Jazmín Romero Epiayu, a Wayuu Indigenous from La Guajira, Colombia, spoke about the economic injustices faced by her people in Colombia, emphasizing the exploitation of natural resources without consultation or consent, which usually leads to environmental degradation and cultural loss. Romero Epiayu highlighted the challenges of economic development in a context where indigenous knowledge and products are plagiarized and exploited. She raised concerns about the lack of protection for indigenous culture, urging for a more equitable approach to trade and investment that respects indigenous sovereignty, knowledge and intellectual property rights.

Finally, Soraya Caro Vargas, Colombian Vice Minister for Business Development, outlined three key ideas: acknowledging the diverse starting points of countries in industrial development, emphasizing the need for tailored industrial policies to address unique socio-political realities, and advocating for strategic partnerships to foster economic solidarity. Caro Vargas highlighted Colombia’s efforts to boost productivity, strengthen supply chains, and support regional economic development, particularly focusing on micro and small enterprises. She also called for transformative relations with the United States and broader partnerships to empower marginalized sectors and promote economic inclusion.
Overall, Session 3 underscored the consensus between the public, private and community sectors about importance of inclusive, sustainable, and regionally tailored policies to advance prosperity in Latin America.

You can watch this session here:

Session 4: Inclusive and Sustainable Models of Globalization for Latin America

A far away look at the panel at the LAPEG conference showing Moderator Alvaro Santos and presenters Cristina Reis, Ana Maria Ibanez, Jose Antonio Ocampo and, on the screen, Jennifer Harris.

The final session explored visions for an inclusive and sustainable model of globalization in line with Latin America’s needs. Speakers offered perspectives on how to create a more equitable and resilient economy for the region.

Ana María Ibañez, Vice President for Sectors and Knowledge, Inter-American Development Bank, spoke about the regularization of migrants in Latin America, focusing on the case of Colombia. She noticed that the number of refugees in the world has more than doubled in the last twenty years and that refugees are mostly hosted in developing countries. In Latin America and the Caribbean, immigration has doubled since 1990, reaching 15 million migrants in the region. She highlighted the challenges and benefits of programs like PEP (Permiso Especial de Permanencia), which provide work opportunities and access to public services for migrants in Colombia. Despite implementation difficulties and concerns such as misinformation and xenophobia, these programs have been effective in improving the welfare of immigrants and have been a net positive for the host countries.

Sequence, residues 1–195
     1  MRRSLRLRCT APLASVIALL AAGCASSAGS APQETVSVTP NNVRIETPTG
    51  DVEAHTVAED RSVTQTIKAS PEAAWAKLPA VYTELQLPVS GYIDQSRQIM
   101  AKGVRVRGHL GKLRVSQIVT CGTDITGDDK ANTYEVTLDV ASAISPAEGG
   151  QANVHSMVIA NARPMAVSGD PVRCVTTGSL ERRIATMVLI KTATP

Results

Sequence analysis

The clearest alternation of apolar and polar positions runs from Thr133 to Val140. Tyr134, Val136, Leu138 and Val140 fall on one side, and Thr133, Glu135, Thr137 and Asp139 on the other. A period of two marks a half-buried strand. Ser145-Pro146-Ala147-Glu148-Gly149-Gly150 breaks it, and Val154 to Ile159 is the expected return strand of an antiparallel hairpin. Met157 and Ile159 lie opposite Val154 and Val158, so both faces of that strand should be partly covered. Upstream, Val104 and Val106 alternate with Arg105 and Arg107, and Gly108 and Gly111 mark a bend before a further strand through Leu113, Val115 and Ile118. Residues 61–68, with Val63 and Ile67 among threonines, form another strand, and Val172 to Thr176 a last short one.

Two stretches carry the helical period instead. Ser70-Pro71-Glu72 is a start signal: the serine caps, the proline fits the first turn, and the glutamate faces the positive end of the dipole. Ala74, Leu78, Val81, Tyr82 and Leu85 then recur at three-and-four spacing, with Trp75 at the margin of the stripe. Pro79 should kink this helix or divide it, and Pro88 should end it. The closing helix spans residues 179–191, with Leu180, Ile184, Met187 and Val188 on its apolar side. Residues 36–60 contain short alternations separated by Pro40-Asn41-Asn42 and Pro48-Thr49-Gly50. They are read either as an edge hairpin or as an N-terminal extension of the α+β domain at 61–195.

Jennifer Harris, Director Economic and Society Initiative, Hewlett Foundation, emphasized the importance of APEP as a platform to strengthen U.S. and Latin American economic relations. She noticed that the lack of market access concessions shouldn’t be a problem because U.S. average tariff rates are already very low, and there are many other benefits Latin American countries could get from this partnership. She mentioned the importance of IDB Invest as a source of funding and as a catalyst for private sector investment on key areas. She also highlighted the important opportunity to collaborate on critical minerals given the resources in Latin America and the U.S. need to diversify its supply chain for green energies. Finally, she discussed how Latin American countries could support the initiative for a global minimum tax, which would also give their governments much-needed resources.

José Antonio Ocampo, Professor at School of International and Public Affairs, Columbia University, noted that the past decade (2013-2023) was the second lost decade for Latin America regarding economic growth, with the worst performance in the world. He discussed the need to address macroeconomic imbalances and focus on production sector policies, not only in manufacturing but also in services and mining. He stressed the need to identify strategic possibilities such as food production, transition minerals, and clean energies. He discussed the potential for regional industrial policies, shaping a different kind of regional integration, seeking financing from regional banks and increasing coordination in new areas such as science and technology.

Lastly, Cristina Reis, Undersecretary for Sustainable Economic Development, Secretariat of Economic Policies, Brazilian Ministry of Finance, critiqued the implementation of the 2030 SDG agenda in Brazil, highlighting issues of governance and environmental degradation. She called for a comprehensive approach to address fundamental problems such as class, race, and gender in the context of economic development and sustainability.

In conclusion, Session 4 identified some successful policies, such as effective migrant regularization programs, but also warned about existing problems and challenges. Lack of capacity , environmental degradation, and social inequalities remain significant obstacles. The session urged policymakers to address these issues comprehensively and explore opportunities for regional coordination and cooperation.

You can watch this session here:


The LAPEG conference was made possible thanks to the generous support of the Hewlett Foundation and the work of the LAPEG team: Enrique Boone, Ana Isabel Abad, María Belén Paoletta, and Paulina Rojas.